Prince of Darkness

Filmmaker John Carpenter

Director John Carpenter's production office is a low ranch-style house in residential Van Nuys. Set back from the street by a wide yard, the home is surrounded by tree-lined drives that insulate it from the Valley's major arteries and bear an eerie similarity, in the late-summer stillness, to the shady Pasadena streets he once passed off as suburban Illinois in his 1978 horror classic Halloween. Says Carpenter of the location, "It's a great place to hide."

Encircled by movie books and memorabilia in the rear annex where he has written all of his scripts since They Live (1988), Carpenter is unwinding from the three-day Los Angeles press junket for his latest science-fiction thriller, Ghosts of Mars, about interstellar cops and outlaws besieged by an army of Martian zombies. "Every third question was, 'What are you afraid of?'" says Carpenter with resigned incredulity. "Do you know how many years I've been asked that? I don't even mind any longer." More recently, he has picked up on another question, this one muttered among those critics and fans who feel that the genre hero behind the hard action and invasive paranoia of such films as Assault on Precinct 13, The Fog, Escape From New York, The Thing, The Prince of Darkness and They Live has been in a creative slump since the late 1980s. "'What's happened to him?' 'When is he going to do something worthwhile again?' is all I ever hear," he says, a touch amused. "They all think I'm a bum."

The 53-year-old writer/director/composer has been around long enough to be circumspect. Dressed in sweats, reaching for an occasional smoke during the interview, the Kentucky-raised filmmaker appears the epitome of SoCal '70s laid-back. At any rate, the question of what ever happened to John Carpenter seems misdirected. In a canonizing 1999 article for Film Comment, critic Kent Jones wrote that Carpenter is "an analog man in a digital world." It's an assessment that acknowledges the misfires of the '90s (Memoirs of an Invisible Man, Village of the Damned, Escape From LA), even as it recognizes that his output has remained consistently, stubbornly attuned to generic traditions that have been blown away by the gusting winds of movie fashion. Though they might be blowing his way again given 1998's box-office and home-video success of Vampires.

"I've heard the old-director-out-of-time business," says Carpenter. "A lot of modern films I couldn't do. I wouldn't be interested. I like watching them, but personally I couldn't do them. My movies are rooted back in the 1950s, the cinema I grew up on, and you're not going to see anybody else make movies like this. If you don't like it, that's cool. If you do, I love it. But you have to make movies for the long term."

Carpenter still makes movies like a fan, drawing from an eclectic mix of "A" and "B" movies to craft his distinctive, cross-pollinated genre staples. "Back then, you had Westerns and romances and horror films and giant-mutating-bug movies, and it's really fun now to take all the elements of that," he says. In Ghosts of Mars, Carpenter also throws a heavy dose of rock & roll rebellion into a headbanging blend of Rio Bravo, Night of the Living Dead and Zulu set on Mars. Of course, this year alone we've also had musicals, dramas, a robot boy and a planet ruled by seething simians. But where Steven Spielberg, with A.I. Artificial Intelligence, tries to shape sci-fi dystopia into a palliative, and Tim Burton loses the kitsch hysteria of the original Planet of the Apes amid blockbuster bloat, Carpenter has always aimed to serve up his visions as did his primary influence, Howard Hawks, without pretense or slack. Ghosts comes straight, no chaser.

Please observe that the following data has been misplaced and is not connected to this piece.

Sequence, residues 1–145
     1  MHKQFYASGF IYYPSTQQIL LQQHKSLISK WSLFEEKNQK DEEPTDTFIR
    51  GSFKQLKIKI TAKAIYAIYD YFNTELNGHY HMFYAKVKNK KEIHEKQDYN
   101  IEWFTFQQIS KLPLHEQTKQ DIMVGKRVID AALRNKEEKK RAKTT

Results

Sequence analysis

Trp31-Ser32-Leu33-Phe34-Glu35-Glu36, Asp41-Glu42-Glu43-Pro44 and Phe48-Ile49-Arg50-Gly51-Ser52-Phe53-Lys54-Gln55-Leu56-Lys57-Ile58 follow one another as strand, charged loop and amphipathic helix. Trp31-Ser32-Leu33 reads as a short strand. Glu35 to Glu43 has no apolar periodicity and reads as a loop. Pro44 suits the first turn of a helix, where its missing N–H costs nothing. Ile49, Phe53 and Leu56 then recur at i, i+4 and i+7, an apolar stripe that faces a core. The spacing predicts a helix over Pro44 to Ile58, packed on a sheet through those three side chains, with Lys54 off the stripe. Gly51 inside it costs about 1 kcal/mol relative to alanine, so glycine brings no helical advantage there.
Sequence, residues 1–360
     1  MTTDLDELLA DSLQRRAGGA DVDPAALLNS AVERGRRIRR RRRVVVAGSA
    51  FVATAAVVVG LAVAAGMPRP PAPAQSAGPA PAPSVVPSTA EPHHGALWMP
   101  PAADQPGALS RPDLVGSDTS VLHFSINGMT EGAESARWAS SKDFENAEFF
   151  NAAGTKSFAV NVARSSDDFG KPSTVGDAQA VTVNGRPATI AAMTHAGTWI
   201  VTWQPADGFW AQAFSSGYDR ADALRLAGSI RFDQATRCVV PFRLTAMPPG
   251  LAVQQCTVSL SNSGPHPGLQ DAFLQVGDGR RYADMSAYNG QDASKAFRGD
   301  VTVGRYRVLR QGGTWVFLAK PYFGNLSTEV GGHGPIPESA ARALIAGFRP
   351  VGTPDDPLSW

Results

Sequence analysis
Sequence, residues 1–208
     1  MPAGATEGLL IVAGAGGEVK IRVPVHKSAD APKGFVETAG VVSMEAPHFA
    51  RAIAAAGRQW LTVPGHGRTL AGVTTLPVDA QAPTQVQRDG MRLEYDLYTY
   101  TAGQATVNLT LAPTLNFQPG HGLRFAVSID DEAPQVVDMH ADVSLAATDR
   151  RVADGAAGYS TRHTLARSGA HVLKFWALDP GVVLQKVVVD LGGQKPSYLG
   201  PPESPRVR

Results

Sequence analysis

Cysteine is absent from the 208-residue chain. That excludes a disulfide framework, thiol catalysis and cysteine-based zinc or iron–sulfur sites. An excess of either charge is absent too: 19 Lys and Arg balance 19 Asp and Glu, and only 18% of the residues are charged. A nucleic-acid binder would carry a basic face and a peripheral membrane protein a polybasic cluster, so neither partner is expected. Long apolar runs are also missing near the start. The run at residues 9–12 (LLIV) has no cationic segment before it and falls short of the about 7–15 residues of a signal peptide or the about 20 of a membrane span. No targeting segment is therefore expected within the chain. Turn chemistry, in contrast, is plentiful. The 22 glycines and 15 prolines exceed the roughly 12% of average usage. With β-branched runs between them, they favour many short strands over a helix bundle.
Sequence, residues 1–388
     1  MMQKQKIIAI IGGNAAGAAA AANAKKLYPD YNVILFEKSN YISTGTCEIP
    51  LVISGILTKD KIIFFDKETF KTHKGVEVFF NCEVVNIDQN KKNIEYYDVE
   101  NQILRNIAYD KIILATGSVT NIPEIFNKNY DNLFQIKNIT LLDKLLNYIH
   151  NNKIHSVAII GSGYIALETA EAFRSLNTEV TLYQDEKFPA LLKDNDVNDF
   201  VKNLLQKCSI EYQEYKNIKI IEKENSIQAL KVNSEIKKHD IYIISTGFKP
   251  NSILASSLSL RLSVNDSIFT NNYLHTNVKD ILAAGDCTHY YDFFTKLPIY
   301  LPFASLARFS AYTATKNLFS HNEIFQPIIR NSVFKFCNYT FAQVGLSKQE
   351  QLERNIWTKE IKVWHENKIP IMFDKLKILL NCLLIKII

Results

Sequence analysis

Carpenter remains one of the last of the pure genre filmmakers. His willingness to play down self-consciousness amid unadorned spectacle (much like his minimalist scores) and his use of old-school fright gimmickry ("I love cheap tricks," he has said) are the strongest signs of his faith in the influences he recasts. Ghosts of Mars is a $33 million production that looks like less than $33 million onscreen, perfect for the grunge aesthetic that gives its Martian outpost its seedy life. It looks and plays like a John Carpenter movie, and he says the film's distributor, Sony subsidiary Screen Gems, gave him the room to make it do just that. "I had total creative freedom. We didn't even test it," he says. "We had to be very responsible with our budget, but creatively, amazingly, I never had a problem."

If Carpenter's stripped-down, straightforward approach, his refusal to reduce his storytelling to impersonal virtuosity, is tantamount to a sin against movie capital, he stands beyond prevailing Hollywood and audience tastes for other reasons as well—specifically regarding the current ironic self-awareness of the genre he's most closely associated with, horror. "I think the modern attitude about movies these days goes back to the horror craze of the '80s," he says. "With the Friday the 13th series, for better or worse, they intentionally wanted the audience to feel superior to the movie, but now that kind of contemptuous look at films is everywhere. The audience today feels truly superior to everything that's going on. I think you have to take every character in a movie seriously. It would be hard for me to make a movie with pop-culture references in it. That just completely takes you out of the film. And I hate that."

Carpenter may have been flattered by Scream, but would never have made it. "I can't do anything else but me."

Carpenter's Ghosts of Mars opens Aug. 24.
 
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